Tal al-Ashari in Houran area is another historical icon that was looted and vandalized by terrorist organizations which carried out systematic attacks, orchestrated by their operators, on the ancient treasures that reflect the history of the Syrian human civilization.
SANA’s camera toured Tal al-Ashari, which is located 16 km to the west of Daraa city and overlooks al-Yarmouk basin, and documented the damage caused by illegal excavation and sabotage done to its archaeological sites by terrorist organizations for over seven years before the province was liberated from terrorism, thanks to the sacrifices and heroism of the Syrian Arab Army.
Head of Antiquities Directorate in Daraa Mohamed al-Nasrallah told SANA’s reporter that Tal al-Ashari was subjected to attacks with explosives, drilling and excavation using heavy machinery and multiple tools by groups specialized in sabotage, adding that the archeological area was largely damaged.
He added that the most prominent targets of terrorist groups over the past seven years were the search for antiquities, selling them as well as smuggling them to neighboring countries.
He pointed out that Tal al-Ashari dates back to the third millennium BC, and is no less important than the cities of Mary and Ebla as it is one of the cities of Decapolis, established by the Roman Emperor Pompey in 64 BC, which included ten important cities. Moreover, Tal al-Ashari has an archaeological theater on the western edge with a diameter of 50 meters and a capacity to accommodate 7,000 spectators. It is originally an open-air museum, but terrorist attacks on it and the theft of its historical items resulted in altering the features that have been preserved for thousands of years.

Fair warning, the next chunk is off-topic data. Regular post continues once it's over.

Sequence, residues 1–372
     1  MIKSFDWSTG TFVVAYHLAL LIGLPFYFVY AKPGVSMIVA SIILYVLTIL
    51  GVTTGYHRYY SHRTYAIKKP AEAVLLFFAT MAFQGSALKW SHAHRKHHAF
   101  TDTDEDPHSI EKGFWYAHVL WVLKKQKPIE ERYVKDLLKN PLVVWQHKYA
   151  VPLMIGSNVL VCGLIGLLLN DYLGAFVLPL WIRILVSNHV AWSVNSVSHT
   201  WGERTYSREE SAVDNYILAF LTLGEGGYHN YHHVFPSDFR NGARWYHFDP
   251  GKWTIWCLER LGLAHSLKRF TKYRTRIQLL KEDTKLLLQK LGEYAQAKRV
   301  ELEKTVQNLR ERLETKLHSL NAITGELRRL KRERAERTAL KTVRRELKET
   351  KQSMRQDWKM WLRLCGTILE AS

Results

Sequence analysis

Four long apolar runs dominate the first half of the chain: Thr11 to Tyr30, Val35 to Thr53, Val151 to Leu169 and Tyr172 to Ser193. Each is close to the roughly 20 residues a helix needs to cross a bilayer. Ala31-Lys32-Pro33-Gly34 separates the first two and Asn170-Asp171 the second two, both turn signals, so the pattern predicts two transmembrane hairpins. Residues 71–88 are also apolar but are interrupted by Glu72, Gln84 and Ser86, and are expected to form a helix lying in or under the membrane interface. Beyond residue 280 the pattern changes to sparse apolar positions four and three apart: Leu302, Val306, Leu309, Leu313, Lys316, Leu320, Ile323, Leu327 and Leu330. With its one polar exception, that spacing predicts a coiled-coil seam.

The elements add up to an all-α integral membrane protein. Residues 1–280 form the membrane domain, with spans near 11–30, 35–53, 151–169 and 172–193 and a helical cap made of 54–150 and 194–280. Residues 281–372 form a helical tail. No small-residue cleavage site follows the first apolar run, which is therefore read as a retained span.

Al-Nasrallah pointed out that the last archeological excavation in Tal al-Ashari was in 2010, where 3,000 artifacts were discovered, among them earthen pieces, saddles and bronze tools, in addition to 21 cemeteries, 16 of which date back to the Bronze Age and the others to the Roman period.
The archaeological sites and cities in Syria were exposed to two types of terrorist acts: the trade and smuggling of historical artifacts by terrorists in order to secure additional sources of funding, and the destruction of monuments that terrorists could not sell or smuggle out of Syria, such as the destruction facade of the Roman amphitheater and the Tetrapylon in Palmyra city.